After Mom entered an Alzheimer’s residence in 1995, I received two cardboard boxes of mementos. Her husband had found the musty crushed cartons in the basement when cleaning out Mom’s possessions. Since Mom no longer recognized what she once cherished, he mailed the boxes to me.
One contained every letter I’d written her since my freshman year in college. The other held folders from Mom’s file cabinet.
Rooting through health and education records, I found a file labeled “Margaret Sibberson Welling,” my maternal grandmother’s name. Inside was my grandparent’s wedding photo. Grandma stares into the camera, vulnerable and slightly worried, a thick white satin sash and silk cape draping her petite body. Grandpa leans away from her, concealing his feelings behind tight jaws. His left knee brushes her thigh, softening the distance between them.
Grandma was six months out of high school, the eldest daughter of the hired man on Grandpa’s father’s farm. Grandpa, eight years older than she, had traveled to California and British Columbia, returned to the family farm in northern Ohio, and swept her off her feet. He took her for her first automobile ride and promised her a city life.
In the file, I found my grandparent’s wedding license, faded but distinct. The certificate said they were married on January 6, 1915. Someone made a mistake.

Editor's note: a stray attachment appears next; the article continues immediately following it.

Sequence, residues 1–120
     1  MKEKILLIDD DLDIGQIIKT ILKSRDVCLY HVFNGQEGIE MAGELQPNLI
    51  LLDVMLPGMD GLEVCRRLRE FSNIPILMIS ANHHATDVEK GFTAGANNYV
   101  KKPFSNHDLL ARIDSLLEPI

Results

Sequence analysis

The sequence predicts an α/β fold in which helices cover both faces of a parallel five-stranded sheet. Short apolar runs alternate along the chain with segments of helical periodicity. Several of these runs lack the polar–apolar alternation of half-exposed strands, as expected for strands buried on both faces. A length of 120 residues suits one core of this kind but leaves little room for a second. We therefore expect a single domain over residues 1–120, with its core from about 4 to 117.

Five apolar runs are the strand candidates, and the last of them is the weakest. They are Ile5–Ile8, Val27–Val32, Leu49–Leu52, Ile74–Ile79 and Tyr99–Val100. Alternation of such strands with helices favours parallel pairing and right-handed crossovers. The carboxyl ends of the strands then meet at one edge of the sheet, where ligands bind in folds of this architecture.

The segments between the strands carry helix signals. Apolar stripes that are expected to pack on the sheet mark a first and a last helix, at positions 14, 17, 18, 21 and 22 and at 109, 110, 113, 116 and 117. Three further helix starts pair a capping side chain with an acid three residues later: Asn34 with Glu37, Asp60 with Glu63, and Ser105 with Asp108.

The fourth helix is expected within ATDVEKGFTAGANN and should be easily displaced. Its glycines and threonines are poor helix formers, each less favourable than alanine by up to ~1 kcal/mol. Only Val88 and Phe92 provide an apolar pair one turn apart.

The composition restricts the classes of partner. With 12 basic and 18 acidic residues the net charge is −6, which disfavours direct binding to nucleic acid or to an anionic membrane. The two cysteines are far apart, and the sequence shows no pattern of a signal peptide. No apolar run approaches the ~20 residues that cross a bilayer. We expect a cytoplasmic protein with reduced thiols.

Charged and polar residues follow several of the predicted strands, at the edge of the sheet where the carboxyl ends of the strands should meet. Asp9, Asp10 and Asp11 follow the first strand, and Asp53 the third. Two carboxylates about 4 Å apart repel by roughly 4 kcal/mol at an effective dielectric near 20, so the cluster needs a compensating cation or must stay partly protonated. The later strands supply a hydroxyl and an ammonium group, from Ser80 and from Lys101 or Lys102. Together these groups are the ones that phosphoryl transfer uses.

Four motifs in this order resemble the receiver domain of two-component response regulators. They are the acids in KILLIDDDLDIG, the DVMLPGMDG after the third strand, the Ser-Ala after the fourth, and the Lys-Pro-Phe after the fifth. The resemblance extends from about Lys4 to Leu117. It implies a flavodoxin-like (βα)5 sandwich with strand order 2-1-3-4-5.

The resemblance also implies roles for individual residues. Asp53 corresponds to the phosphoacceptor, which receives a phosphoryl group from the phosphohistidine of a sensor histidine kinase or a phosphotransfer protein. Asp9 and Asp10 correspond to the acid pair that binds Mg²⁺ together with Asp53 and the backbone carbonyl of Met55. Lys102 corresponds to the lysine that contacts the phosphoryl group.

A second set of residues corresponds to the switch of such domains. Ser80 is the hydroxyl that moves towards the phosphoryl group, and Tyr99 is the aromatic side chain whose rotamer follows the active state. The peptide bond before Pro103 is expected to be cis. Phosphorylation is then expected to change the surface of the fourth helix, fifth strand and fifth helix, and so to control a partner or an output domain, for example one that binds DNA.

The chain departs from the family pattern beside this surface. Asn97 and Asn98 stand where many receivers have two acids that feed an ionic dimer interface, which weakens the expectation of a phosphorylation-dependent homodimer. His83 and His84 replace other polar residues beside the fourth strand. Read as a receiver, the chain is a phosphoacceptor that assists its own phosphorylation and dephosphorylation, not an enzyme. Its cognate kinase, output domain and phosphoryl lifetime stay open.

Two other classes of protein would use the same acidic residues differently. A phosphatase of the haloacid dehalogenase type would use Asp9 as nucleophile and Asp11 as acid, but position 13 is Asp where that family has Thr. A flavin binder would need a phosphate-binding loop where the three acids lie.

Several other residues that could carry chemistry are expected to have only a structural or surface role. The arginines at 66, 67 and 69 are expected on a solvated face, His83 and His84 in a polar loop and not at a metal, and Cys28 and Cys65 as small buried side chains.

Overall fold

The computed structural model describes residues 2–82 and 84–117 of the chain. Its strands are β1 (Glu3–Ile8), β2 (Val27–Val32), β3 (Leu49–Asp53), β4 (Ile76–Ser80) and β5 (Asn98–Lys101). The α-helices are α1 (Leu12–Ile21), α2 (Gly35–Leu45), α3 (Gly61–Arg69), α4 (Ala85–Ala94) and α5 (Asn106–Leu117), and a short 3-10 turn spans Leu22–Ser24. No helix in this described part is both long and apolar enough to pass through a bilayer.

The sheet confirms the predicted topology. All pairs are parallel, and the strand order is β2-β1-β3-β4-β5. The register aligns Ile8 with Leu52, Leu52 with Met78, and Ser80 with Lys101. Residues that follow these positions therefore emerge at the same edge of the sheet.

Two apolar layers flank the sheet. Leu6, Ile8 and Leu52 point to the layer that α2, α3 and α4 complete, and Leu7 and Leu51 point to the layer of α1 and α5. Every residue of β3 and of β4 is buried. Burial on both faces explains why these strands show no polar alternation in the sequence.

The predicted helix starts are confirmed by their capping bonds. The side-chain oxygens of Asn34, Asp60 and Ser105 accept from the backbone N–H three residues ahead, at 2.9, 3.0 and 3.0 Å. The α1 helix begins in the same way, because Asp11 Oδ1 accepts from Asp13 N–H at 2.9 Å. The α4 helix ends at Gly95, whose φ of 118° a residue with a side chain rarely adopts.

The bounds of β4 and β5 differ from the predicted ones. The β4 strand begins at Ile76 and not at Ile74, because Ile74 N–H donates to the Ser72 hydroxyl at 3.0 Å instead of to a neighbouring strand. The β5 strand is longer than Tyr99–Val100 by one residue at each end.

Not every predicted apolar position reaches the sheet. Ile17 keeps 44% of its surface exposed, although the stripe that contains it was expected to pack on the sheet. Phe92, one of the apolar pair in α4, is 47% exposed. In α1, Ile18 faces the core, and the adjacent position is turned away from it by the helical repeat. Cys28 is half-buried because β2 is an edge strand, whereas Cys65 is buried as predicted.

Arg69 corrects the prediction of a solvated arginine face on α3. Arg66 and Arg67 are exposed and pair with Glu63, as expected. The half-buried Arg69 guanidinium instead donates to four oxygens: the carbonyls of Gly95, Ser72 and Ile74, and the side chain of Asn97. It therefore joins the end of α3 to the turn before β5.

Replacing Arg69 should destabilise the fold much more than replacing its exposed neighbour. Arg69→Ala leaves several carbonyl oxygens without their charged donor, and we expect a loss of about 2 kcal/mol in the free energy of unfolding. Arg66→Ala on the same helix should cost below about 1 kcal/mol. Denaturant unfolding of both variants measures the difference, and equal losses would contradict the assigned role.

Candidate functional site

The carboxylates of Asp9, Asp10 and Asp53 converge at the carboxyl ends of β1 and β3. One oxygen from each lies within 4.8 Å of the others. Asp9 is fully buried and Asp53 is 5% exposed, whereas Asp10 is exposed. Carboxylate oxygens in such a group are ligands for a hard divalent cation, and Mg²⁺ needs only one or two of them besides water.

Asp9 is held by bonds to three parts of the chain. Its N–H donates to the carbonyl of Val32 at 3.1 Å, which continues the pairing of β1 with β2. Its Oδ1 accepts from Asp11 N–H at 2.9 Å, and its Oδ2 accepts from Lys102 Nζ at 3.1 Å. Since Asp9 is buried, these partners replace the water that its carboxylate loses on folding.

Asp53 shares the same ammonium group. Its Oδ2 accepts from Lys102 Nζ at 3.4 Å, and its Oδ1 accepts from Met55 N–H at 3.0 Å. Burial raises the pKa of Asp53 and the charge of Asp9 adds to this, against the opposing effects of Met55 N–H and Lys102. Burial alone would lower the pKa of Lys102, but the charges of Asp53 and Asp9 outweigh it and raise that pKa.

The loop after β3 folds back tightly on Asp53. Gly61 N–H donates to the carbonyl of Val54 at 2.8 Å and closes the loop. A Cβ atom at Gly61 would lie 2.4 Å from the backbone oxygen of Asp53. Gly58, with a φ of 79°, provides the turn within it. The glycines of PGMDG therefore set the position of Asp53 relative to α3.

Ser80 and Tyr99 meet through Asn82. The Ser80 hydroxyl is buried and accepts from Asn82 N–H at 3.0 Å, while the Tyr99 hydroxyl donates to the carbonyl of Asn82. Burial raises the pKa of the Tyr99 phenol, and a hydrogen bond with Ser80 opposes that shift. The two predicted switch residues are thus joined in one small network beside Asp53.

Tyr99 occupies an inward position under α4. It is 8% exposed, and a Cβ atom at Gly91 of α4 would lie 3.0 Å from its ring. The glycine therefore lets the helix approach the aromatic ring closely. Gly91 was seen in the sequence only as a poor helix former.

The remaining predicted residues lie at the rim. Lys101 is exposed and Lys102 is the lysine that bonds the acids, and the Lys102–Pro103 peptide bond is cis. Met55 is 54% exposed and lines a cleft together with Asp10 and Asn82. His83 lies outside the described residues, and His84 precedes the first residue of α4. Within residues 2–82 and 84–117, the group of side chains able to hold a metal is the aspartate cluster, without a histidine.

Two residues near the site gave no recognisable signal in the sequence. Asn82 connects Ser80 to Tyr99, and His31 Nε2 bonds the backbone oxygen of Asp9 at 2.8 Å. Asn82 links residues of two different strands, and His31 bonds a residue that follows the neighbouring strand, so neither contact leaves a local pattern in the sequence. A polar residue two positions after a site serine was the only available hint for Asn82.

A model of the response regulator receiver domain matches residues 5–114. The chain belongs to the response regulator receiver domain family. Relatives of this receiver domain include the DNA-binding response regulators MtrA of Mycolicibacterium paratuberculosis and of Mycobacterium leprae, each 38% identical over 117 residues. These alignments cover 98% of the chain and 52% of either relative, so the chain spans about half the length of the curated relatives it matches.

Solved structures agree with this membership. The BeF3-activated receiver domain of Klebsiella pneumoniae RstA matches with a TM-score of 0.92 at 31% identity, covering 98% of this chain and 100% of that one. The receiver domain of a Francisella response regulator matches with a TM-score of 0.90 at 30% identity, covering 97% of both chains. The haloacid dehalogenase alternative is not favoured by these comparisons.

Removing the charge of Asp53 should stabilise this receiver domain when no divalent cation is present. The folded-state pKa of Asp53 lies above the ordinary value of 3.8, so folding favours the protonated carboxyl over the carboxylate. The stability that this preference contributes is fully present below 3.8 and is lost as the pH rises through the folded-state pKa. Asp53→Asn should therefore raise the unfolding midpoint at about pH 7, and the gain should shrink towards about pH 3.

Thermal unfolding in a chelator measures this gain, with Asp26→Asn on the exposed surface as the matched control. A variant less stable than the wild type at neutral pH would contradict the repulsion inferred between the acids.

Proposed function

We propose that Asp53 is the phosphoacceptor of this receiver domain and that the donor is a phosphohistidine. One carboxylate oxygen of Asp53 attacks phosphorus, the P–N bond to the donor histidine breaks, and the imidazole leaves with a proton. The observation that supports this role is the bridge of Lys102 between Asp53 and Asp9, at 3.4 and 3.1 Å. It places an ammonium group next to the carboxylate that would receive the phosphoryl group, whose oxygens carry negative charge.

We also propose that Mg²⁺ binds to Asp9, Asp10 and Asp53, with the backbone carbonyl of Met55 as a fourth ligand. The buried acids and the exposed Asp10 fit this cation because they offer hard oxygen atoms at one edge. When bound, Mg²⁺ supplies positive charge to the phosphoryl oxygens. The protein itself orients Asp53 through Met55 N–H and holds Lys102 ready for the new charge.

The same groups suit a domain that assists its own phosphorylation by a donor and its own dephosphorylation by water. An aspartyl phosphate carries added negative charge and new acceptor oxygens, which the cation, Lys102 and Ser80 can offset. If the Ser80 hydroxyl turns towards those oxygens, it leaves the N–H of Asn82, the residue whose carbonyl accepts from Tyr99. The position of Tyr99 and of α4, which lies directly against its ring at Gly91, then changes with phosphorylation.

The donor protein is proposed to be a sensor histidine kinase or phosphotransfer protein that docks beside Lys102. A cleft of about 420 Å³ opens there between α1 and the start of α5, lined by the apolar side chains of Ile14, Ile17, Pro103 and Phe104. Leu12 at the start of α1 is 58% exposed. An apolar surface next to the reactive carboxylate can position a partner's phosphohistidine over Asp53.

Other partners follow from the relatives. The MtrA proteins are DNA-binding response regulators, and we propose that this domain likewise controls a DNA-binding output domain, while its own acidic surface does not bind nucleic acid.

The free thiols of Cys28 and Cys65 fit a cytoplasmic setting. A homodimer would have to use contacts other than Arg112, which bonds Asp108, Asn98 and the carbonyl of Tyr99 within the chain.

Digging deeper, I found a creased and yellowed church announcement printed in a different hand. And there was that date again: January 6, 1915, not January 1914 as Grandma always said.
Proper and protected Grandma must have been over four months pregnant with my mother in her wedding photo, her loose gown hiding her thickening waist and swelling breasts. My grandparent’s physical affection was obvious during their sixty-year marriage, even when he was in his eighties, but premarital sex? My proper grandma? It couldn’t be.
I called my brother and cousins to tell them what I’d discovered. No one had a clue.
For some reason I cannot name, my heart swelled with delight imagining sweet Grandma succumbing to passion in the backseat of Grandpa’s car. Even in 1914, a straight-laced and docile unmarried Lutheran girl found a way to break the rules.
Have you discovered family secrets in inherited boxes of photos and papers? For stories about my paternal grandparents, see Safe in the Great Mother’s Bed and How I Learned to Trust a Man. Meanwhile, I’ll keep looking for secrets since I recently received an overlooked box of photos my mom had saved. There’s sure to be something interesting in there.